According to Merriam-Webster

According to Merriam-Webster, the term ballistics is defined as the science that studies the motions of a projectile in flight (2018). There are three types of ballistics: internal – or initial— external, and terminal ballistics (Klatt, 1994). Internal ballistics studies the projectile in flight inside the firearm, while external ballistics is the study of the bullet’s path in air from the firearm to the target (Juve, 2002). Terminal ballistics studies the effects of the projectile when hitting the target. Not only are the types of ballistics taken into account but the range of fire is another significant factor in examining gunshot wounds. The range of fire for gunshot wounds, or ballistic trauma, is generally categorized as the following: contact, intermediate range, and distant range (Klatt, 1994).
When examining and treating gunshot wounds, the types of ballistics and types of firearm used along with the range of fire must be considered. People in this field are studying wound ballistics, which is the sub-field study of terminal ballistics that analyzes the projectiles of firearms as they penetrate tissue (Wound Ballistics, 2011). In general, all of the tissue damage in gunshot wounds are caused by bullets and its fragments that pierce through the tissue (Alexandropoulou ; Elias, 2015). There are three ways for a bullet or any other type of firearm to damage the tissue. The first way is simply the tissue tearing as the bullet breaks through the tissue (Itabashi, Andrews, Tomiyasu, Erlich ; Sathyavagiswaran, 2011). This way can also be known as a laceration in which the tissue damage happens on a trail that a bullet can create (Klatt, 1994). The second way is the bullet breaking and tearing the tissue that is in its pathway as well as casting away the neighbouring tissue as it penetrates the body, creating a temporary cavity (DiMaio, 2015). A temporary cavity, or a stretch cavity, is produced from the tissue that is stretched outward in a radial direction away from the track of the bullet (Klatt, 1994). The third way bullets wound the tissue is through the shock waves that last for a couple of microseconds and do not cause a severe damage at a low velocity. (Klatt, 1994).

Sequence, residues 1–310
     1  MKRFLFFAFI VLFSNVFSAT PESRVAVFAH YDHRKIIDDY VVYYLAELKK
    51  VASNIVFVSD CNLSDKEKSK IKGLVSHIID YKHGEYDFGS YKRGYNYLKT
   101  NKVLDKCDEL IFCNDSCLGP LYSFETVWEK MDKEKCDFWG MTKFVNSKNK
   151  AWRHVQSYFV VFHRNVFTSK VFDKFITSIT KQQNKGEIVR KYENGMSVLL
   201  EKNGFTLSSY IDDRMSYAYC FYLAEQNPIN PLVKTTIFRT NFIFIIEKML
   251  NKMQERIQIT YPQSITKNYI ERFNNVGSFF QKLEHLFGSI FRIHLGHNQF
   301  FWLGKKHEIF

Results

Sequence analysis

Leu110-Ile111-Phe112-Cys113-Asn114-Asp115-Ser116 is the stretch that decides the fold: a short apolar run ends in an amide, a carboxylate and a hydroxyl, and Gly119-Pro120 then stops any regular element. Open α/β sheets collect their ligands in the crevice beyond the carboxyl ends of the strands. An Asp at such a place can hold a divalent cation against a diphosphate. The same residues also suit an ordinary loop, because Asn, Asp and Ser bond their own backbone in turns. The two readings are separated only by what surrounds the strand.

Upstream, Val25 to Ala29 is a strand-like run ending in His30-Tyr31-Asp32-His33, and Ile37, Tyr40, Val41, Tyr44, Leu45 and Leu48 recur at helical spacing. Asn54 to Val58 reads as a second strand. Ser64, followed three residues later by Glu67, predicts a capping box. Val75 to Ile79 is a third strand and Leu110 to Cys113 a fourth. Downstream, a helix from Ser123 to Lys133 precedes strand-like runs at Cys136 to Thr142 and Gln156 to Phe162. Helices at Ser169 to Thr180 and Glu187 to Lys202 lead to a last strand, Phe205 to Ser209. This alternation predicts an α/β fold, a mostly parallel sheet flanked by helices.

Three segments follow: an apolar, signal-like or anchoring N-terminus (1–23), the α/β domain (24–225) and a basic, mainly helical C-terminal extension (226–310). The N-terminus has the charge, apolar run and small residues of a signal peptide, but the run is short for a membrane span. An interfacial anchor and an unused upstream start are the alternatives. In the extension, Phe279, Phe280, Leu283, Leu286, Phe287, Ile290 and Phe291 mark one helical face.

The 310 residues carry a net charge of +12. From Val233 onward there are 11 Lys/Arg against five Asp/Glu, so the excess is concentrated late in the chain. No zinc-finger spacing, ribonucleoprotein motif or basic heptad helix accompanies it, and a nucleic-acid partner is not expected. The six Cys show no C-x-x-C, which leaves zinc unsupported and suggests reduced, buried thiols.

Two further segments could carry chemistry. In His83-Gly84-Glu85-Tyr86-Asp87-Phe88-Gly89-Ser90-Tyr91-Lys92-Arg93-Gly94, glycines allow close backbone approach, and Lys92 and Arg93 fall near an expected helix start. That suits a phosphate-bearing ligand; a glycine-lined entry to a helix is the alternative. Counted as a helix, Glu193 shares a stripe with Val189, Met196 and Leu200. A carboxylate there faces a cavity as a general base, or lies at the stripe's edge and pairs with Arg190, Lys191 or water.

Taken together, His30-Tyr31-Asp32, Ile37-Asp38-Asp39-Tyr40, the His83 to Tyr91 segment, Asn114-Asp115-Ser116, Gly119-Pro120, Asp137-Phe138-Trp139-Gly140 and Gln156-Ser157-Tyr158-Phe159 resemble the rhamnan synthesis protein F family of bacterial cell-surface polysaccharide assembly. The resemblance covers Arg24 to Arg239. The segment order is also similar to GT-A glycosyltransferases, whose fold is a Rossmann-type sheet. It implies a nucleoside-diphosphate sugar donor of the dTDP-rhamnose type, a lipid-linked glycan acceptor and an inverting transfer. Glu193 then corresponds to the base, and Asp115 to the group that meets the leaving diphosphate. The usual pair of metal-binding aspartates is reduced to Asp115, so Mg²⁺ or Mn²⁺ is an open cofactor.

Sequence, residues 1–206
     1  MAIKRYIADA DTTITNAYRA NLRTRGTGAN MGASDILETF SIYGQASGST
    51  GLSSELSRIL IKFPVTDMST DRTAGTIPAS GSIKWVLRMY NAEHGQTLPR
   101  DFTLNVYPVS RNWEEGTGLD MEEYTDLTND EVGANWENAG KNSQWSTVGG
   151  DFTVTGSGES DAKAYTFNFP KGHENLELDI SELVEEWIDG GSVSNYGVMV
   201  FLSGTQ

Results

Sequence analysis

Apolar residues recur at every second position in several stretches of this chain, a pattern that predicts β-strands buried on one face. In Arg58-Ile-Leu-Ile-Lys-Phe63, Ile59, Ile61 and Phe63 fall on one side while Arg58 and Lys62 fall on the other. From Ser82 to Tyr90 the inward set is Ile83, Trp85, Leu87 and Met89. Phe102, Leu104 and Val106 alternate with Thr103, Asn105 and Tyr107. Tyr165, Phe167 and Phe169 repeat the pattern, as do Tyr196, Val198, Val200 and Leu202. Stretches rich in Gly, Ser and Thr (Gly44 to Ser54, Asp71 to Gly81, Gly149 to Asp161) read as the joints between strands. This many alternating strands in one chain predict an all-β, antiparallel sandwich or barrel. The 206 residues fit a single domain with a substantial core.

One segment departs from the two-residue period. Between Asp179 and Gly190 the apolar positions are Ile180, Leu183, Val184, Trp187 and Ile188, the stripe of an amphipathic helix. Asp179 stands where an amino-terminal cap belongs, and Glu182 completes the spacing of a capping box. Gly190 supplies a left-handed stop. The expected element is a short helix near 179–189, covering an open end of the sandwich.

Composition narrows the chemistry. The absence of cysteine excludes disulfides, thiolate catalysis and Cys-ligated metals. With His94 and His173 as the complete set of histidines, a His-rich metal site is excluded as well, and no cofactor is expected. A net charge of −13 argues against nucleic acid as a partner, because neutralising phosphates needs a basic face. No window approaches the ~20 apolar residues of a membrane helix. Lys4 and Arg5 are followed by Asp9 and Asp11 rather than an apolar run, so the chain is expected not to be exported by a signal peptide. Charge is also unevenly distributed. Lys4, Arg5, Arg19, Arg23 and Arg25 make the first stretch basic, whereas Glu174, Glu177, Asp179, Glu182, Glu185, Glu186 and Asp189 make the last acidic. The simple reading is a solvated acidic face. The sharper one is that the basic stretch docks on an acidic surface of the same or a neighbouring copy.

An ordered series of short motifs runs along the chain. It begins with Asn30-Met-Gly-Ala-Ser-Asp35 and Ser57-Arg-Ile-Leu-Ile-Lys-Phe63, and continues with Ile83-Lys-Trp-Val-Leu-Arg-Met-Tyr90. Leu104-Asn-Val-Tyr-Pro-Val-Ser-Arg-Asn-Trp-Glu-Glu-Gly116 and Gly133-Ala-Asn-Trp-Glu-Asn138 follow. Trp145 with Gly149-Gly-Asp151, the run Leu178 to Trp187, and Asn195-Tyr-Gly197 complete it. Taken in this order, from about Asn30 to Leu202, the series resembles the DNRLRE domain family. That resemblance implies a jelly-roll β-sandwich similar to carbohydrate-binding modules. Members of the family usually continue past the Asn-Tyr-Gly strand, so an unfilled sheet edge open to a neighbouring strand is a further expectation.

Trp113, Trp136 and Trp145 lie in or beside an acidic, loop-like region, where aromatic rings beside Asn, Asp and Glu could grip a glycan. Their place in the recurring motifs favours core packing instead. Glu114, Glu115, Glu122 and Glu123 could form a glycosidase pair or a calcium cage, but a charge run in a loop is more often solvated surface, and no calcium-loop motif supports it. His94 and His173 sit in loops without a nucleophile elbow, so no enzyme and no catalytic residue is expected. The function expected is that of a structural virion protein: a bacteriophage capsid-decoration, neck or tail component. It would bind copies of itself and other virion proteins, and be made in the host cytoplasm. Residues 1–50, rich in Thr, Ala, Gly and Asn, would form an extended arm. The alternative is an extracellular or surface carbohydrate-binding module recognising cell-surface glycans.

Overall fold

Additionally, the way that bullets can cause tissue damage or gunshot wounds– also known as GSW or ballistic trauma – vary, depending on the range of fire. Two classifications for ballistic trauma include the entrance wounds and the exit wounds. In several cases, the entrance and exit wounds may be clean in which the gunshot can penetrate the body by causing a simple and apparent injury (Claridge, 2016). Conversely, because of some elements, including the distance from the perpetrator, the calibre of the firearm, the range of fire, and the number of projectiles being fired from the weapon, the overall pattern of the injury will be affected.
Focusing on the entrance wounds, one general characteristic is the close, or contact, range in which the perpetrator’s firearm is in contact with, or touching, the victim’s body (Breitenecker, 1969). Entrance wounds tend to be smaller and are proportioned compared to exit wounds (Claridge, 2016). Likewise, these close range gunshot wounds will present a single hole encircled by a thin abrasion ring or margin, that can have the smoke or gunshot residue (GSR) around the entrance wound blacken (Breitenecker, 1969). Close range wounds are harmful and may cause organs to nearly crumble because of the powder gases from the firearm (Breitenecker, 1969). On the other hand, exit wounds are larger than entrance wounds since the bullet travels throughout body and detonates in the tissue and muscle (Claridge, 2016). Also, unlike entrance wounds, exit wounds have less gunshot residue or do not have any presented (Klatt, 1994). Regardless if it is an entrance or exit wound, the physicality following the gunshot wounds affect the human body.